I’m a big fan of examples to paint a picture so let’s use one and say you run a group program. You have one email list with 2 segments: one segment made up of your overall list and another segment for the people who are paid members of your program.

Having these two segments allows you to use your “paid members” segment to communicate program-related information to the people who are already a part of your membership while you can take your “overall list” segment to exclude anyone who is in the “paid members” segment when you’re sending promotions that encourage people to join the program.


As for tagging, you’ll tag people based on interests, preferences and behaviors. What does that look like?

Let’s push this example further and say you’re running a promotion to your membership. You now want to follow-up with those who showed interest in joining your membership but have yet to follow-through; you can tag the people who clicked a link in your promotional emails to visit your sales page as having shown interest in the program. 


Furthermore, if you have the different types of people in your audience – say you help fitness professionals – you could tag your audience based on whether they identify as fitness competitors, personal trainers or brand models/ambassadors. This will allow you to hyper-customize your messages and promotions to these 3 different interest groups you serve, and adapt your message to the specific incentives you can offer each interest group has to join.

Think of your segments as the overarching lists such as the contacts you promote to, your buyers and then your affiliates, while your tags are more interest- and behavior-based tools to help you define and identify aspects of your subscribers that will better equip you to serve them.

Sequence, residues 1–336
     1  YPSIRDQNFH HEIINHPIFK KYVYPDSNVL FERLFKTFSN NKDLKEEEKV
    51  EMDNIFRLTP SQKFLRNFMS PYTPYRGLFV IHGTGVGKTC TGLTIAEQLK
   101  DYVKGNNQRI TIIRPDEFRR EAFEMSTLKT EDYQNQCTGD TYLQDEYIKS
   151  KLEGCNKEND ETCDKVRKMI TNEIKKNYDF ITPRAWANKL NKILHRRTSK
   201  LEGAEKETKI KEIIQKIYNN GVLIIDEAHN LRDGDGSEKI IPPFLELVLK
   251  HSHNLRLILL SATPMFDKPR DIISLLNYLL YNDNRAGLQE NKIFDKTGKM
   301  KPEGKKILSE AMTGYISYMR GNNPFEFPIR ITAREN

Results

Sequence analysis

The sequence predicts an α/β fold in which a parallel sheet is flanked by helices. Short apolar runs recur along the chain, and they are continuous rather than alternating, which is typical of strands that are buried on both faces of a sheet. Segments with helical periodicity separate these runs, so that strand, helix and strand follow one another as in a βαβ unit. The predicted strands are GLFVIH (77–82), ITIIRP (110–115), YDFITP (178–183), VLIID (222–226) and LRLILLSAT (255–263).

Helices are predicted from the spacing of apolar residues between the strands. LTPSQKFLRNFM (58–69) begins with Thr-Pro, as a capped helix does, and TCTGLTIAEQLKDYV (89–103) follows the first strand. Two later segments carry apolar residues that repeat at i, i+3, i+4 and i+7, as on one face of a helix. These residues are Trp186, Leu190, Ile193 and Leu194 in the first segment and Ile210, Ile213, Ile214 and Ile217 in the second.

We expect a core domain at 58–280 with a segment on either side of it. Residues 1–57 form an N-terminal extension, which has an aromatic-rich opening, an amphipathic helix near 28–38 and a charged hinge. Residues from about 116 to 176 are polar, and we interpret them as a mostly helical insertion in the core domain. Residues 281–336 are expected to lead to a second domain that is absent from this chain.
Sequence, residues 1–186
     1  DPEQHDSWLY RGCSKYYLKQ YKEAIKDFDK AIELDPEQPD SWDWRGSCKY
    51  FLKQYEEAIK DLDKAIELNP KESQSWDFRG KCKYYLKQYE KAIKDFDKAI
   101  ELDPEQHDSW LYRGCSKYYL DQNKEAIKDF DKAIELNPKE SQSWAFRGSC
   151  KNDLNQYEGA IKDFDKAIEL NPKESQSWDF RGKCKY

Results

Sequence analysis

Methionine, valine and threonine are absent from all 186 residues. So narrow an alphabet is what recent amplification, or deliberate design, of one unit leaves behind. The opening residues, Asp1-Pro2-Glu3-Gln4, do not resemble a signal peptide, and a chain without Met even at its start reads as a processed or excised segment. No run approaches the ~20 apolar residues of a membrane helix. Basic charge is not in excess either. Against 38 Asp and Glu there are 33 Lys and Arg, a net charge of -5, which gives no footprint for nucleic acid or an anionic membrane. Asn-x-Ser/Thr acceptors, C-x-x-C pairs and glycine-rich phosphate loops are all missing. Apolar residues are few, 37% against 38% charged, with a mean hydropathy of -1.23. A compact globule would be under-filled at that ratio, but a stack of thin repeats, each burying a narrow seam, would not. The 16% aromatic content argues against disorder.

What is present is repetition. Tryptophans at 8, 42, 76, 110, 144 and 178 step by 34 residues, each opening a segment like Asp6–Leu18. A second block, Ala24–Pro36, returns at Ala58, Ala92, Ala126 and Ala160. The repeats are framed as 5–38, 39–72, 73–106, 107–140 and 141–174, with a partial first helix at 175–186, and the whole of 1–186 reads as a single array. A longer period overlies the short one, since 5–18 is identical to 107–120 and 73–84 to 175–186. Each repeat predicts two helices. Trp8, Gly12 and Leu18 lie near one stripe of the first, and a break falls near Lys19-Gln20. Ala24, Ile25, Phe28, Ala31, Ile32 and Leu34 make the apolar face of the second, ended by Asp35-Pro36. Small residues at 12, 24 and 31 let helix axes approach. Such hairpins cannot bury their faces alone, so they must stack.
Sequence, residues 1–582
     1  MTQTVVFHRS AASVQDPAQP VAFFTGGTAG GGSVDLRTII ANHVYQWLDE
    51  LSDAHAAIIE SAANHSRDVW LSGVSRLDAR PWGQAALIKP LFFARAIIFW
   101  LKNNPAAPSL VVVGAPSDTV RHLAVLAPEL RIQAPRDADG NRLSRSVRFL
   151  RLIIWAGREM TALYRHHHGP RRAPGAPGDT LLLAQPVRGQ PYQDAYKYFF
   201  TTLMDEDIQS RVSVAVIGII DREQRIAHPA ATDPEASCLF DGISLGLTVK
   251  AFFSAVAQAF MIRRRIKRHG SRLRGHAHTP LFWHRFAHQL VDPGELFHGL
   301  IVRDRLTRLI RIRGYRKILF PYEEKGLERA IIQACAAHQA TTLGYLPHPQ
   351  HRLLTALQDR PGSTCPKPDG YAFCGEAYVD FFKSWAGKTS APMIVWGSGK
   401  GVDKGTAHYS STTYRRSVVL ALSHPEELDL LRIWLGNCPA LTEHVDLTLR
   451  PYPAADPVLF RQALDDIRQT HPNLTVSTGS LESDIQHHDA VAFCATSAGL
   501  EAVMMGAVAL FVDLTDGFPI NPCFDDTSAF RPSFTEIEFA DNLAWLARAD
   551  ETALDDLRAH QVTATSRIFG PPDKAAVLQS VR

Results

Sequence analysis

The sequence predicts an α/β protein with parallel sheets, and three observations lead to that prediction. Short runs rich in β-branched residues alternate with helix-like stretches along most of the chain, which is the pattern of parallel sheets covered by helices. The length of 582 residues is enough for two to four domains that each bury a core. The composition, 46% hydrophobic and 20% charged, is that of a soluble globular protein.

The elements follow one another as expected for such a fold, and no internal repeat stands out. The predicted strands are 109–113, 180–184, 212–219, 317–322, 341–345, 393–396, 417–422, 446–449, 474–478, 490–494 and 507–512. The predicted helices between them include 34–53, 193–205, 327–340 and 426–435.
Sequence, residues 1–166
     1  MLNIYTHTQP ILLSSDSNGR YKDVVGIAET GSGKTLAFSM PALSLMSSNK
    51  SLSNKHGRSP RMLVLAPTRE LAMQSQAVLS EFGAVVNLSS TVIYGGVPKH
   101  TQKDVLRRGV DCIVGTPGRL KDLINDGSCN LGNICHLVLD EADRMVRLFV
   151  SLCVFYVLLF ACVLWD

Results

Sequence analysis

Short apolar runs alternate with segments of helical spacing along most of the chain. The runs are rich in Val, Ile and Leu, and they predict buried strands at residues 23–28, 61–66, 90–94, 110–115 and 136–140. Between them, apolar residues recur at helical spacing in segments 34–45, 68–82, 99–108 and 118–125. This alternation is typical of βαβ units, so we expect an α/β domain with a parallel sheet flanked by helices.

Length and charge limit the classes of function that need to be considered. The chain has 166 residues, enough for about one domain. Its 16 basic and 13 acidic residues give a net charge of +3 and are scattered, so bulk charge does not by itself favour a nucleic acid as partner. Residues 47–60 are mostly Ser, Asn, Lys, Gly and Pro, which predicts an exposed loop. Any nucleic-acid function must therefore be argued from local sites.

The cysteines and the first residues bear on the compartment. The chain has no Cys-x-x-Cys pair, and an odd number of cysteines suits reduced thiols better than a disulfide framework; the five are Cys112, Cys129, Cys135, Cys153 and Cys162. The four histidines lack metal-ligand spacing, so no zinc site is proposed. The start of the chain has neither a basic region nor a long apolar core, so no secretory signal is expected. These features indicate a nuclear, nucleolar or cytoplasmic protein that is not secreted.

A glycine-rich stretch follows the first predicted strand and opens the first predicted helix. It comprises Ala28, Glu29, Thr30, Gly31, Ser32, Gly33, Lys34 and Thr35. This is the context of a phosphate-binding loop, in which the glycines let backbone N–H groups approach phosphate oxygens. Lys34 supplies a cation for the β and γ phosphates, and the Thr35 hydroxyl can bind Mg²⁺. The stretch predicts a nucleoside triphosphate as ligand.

Let’s turn this example into a case study of someone who uses your segments to demonstrate their communication preferences.


Someone subscribes to your list, which populates them into your “overall promo” segment. They take a quiz that identifies them as a “brand ambassador”, which is an identifier you tag them with.

They go on to visit your sales page and they attend a few of your workshops, all of which are behaviors you also tagged them with. 

Because you sent targeted emails to those who showed interest in the product, this person eventually did buy your product and you can then add them to your segment of buyers. In fact, they loved your product so much that they signed up to become an affiliate, which is another segment they’ve been added to.

Meanwhile, their brand ambassador status means they have an inbox so cluttered and busy, even the messiest teenager would be critical. Your subscriber decided to de-clutter their inbox and they’ve chosen to opt out of receiving further promotional emails from you, but they also want to keep receiving affiliate and product updates.